The slow-motion train wreck that has been this administration's Reagan-era economy has taken place in statistical increments, bit by bit, factory closing by factory closing, foreclosure sign by foreclosure sign, credit card-default by credit-card default...drip, drip, drip...until suddenly the levees gave way and the entire country awoke in four feet of rapidly rising water and stinking swill.

Suddenly, we're seeing new descriptive words applied to McCain's tactics, like, "risky" ("dangerous, hazardous, perilous, unsafe, unstable"):

"WASHINGTON -- The house always wins, gamblers are warned, and the U.S. House made John McCain pay Monday for his politically risky, high-profile involvement in a financial rescue plan that came crashing down, mainly at the hands of his fellow Republicans."
--Analysis: "House vote against bailout wounds McCain," Charles Babington, Associated Press, in the Washington Post, September 30, 2008

--and his matinee-idol impression of leadership is undergoing a much closer look:

"As a study in his prospective leadership, the role of Mr. McCain, the Republican presidential nominee, has done him no political good. After suspending his campaign last week and vowing to work with Republicans until a resolution was in hand, Mr. McCain was campaigning in Ohio on Monday with his running mate, Gov. Sarah Palin, as the House vote commenced. There he implicitly took credit for the compromise bailout that Congressional leaders had negotiated over the weekend, even as it was going down to defeat."
--News Analysis: "In Bailout Vote, a Leadership Breakdown," Jackie Calmes, New York Times, September 30, 2008

"Yet even as he huffed and puffed about being a 'leader,' McCain took no action and felt no urgency. As his Congressional colleagues worked tirelessly in Washington, he malingered in New York. He checked out the suffering on Main Street (or perhaps High Street) by conferring with Lady Lynn Forester de Rothschild, the Hillary-turned-McCain supporter best known for her fabulous London digs and her diatribes against Obama's elitism. McCain also found time to have a well-publicized chat with one of those celebrities he so disdains, Bono, and to give a self-promoting public speech at the Clinton Global Initiative."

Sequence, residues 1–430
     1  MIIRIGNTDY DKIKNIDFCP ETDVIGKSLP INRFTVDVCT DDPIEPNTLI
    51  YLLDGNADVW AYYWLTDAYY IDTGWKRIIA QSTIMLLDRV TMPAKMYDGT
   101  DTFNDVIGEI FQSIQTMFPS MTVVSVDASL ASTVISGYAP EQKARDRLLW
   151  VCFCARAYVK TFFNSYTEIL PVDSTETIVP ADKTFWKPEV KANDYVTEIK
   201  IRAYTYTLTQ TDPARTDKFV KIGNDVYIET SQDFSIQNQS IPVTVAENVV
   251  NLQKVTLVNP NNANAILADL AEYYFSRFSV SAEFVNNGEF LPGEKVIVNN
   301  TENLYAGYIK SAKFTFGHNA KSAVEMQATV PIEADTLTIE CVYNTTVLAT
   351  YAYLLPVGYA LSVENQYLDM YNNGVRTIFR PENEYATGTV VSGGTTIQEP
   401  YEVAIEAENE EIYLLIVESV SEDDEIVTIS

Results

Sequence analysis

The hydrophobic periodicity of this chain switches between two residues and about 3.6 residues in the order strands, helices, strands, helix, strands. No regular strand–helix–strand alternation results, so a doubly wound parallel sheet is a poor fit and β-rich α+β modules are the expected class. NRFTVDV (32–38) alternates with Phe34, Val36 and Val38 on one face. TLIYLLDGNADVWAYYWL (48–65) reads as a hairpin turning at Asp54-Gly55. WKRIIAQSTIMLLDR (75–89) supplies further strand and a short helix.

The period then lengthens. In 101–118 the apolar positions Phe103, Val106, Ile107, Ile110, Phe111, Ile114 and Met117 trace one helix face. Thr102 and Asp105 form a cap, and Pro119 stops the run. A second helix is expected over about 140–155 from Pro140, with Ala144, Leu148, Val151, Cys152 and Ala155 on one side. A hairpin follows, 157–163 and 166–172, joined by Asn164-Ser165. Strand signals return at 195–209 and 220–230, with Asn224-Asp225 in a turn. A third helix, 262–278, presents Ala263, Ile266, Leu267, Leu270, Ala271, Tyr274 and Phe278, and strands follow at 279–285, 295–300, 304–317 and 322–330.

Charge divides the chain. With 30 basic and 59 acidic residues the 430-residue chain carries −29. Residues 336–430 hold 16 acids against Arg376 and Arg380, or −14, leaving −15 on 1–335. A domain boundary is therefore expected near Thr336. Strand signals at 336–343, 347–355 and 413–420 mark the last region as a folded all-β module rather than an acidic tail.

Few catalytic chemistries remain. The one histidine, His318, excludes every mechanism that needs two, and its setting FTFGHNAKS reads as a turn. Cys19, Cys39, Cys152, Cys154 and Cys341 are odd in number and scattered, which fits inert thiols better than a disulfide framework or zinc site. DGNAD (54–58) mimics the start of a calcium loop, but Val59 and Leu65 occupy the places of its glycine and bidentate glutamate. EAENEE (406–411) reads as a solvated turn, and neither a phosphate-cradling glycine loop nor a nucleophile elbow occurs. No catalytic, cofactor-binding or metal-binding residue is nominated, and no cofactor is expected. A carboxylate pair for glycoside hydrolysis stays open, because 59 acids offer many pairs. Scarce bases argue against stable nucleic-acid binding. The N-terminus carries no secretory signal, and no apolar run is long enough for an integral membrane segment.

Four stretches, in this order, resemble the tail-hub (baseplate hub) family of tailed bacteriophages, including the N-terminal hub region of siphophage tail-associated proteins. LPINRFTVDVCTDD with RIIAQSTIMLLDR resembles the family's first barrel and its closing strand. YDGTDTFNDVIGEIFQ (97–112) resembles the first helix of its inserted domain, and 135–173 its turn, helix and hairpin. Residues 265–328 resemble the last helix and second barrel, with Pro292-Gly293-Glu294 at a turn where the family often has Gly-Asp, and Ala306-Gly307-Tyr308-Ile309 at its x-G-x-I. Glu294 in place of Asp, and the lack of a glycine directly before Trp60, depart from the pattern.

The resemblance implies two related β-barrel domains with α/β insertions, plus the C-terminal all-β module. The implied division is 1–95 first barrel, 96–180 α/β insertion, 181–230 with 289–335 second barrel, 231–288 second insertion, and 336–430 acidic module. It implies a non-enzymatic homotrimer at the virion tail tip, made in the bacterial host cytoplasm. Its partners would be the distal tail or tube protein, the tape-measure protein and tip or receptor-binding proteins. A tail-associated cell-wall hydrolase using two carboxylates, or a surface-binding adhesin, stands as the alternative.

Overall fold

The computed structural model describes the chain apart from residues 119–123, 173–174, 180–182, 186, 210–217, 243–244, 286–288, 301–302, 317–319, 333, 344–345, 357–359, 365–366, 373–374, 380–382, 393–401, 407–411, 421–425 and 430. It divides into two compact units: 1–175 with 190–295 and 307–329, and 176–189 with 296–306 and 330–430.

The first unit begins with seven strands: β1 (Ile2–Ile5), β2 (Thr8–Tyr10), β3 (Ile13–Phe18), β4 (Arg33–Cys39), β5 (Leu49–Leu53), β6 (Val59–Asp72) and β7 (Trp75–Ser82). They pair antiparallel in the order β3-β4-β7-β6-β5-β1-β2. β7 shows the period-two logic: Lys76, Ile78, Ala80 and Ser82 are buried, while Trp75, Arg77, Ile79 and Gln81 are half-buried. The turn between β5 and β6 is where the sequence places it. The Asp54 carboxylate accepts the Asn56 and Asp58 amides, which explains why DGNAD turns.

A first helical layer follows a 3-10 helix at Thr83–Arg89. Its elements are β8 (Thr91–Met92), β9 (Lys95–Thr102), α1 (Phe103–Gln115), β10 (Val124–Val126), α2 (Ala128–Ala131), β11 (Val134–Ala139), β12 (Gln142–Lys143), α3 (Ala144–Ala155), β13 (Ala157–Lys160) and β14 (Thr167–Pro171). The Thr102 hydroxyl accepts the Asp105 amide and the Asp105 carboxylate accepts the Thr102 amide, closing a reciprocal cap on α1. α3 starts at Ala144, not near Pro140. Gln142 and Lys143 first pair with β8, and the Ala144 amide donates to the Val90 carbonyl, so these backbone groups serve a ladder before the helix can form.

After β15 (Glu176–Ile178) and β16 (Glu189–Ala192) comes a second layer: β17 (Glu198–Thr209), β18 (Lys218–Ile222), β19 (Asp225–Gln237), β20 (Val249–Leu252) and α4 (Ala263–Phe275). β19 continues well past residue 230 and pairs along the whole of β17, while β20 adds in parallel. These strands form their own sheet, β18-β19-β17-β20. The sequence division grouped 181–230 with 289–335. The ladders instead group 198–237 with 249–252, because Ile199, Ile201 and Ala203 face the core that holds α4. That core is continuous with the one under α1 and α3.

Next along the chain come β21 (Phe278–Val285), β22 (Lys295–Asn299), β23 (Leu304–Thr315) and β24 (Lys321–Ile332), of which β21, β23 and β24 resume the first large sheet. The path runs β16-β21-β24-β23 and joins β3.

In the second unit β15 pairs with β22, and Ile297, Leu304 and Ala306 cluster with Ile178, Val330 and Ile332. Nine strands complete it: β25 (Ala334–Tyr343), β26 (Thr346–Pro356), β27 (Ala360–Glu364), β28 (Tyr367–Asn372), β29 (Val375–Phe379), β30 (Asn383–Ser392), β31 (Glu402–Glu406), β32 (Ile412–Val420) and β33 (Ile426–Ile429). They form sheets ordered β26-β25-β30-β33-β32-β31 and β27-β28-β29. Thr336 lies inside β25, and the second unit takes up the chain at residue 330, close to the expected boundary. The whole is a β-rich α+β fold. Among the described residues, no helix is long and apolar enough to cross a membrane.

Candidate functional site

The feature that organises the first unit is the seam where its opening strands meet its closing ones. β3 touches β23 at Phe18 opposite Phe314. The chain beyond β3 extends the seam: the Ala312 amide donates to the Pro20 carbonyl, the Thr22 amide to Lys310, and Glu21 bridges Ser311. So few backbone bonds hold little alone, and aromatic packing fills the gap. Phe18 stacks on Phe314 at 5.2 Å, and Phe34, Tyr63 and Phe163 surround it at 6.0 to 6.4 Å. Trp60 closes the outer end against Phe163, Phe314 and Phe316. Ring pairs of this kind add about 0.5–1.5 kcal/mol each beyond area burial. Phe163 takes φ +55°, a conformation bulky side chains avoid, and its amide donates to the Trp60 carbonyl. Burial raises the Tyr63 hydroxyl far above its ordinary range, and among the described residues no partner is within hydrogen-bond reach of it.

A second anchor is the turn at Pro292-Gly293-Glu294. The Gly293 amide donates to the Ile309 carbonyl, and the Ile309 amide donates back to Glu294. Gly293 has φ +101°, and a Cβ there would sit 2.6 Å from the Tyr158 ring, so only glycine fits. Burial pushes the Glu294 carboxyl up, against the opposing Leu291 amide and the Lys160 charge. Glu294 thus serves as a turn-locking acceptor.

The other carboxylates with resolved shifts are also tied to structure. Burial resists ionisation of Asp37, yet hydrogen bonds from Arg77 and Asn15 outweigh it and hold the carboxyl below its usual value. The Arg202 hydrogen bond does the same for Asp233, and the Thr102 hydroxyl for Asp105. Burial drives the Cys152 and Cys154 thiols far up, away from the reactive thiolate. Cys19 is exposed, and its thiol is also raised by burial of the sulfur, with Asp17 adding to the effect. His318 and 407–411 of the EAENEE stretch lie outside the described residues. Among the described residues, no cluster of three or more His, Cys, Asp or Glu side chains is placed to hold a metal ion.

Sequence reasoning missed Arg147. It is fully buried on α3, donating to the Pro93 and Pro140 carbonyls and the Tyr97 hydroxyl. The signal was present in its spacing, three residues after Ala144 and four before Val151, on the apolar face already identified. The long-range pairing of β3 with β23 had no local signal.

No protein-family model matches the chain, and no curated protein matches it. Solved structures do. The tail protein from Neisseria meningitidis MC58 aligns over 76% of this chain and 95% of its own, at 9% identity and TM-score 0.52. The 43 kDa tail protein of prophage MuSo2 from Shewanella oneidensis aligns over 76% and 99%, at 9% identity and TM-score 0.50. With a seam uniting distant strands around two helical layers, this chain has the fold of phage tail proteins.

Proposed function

--"McCain"s Suspension Bridge to Nowhere," Frank Rich, New York Times, September 28, 2008

"McCain, who told the Wall Street Journal in March that 'I'm always for less regulation,' now asks voters to believe he will be a champion of tough, unblinking oversight. He's shocked and outraged that Wall Street's preening Masters of the Universe threw a drunken toga party and smashed all the furniture -- but he helped buy the beer and told the cops to look the other way."
--"Flunking Economics," Eugene Robinson, Washington Post, September 19, 2008

And I'm not even going to bother linking to all the conservative columnists I've read in recent days, such as George Will, David Brooks, Kathleen Parker, and so on, who have questioned not only McCain's nuttiness in dealing with this most recent crises, but in his crap-shoot choice of vice-president.

Because even though Sarah Palin fit ever-so-neatly into a fictional media mythological narrative about being the spunky hockey mom just like you n'me who went on to be the heroic governor of a rugged and exciting state like Alaska...the REALITY of a Sarah Palin potential presidency in light of the current crises is sobering indeed, even for the usual spin-meisters.

It's a funny thing about real life as opposed to fiction, and real leaders as opposed to fake ones.

Real life can hurt real people.

With fiction, you can escape into the story and live vicariously through the made-up hero and heroine and go on to defeat Voldemort or charge off into the sunset with Indy Jones. The heroes never get hurt all that badly, and you never get hurt at all.

But with real life, there is no escape.

And when the shoppers and American-Idol voters get yanked into sudden, harsh reality, then another funny thing happens.

Turns out they want a REAL leader. Not the kind you can manufacture with "golden hour" lighting onboard a ship or in dramatic White House meetings.

And just as suddenly, the narrative on Barack Obama has become, "calm in crises" ("peaceful, serene, not emotionally agitated"), and he has "taken charge":

"WASHINGTON -- Barack Obama's calmly assured response to the economic crisis and solid debate performance have bolstered the view among voters that he is ready to be chief executive, a crucial threshold he needs to cross to win the presidency.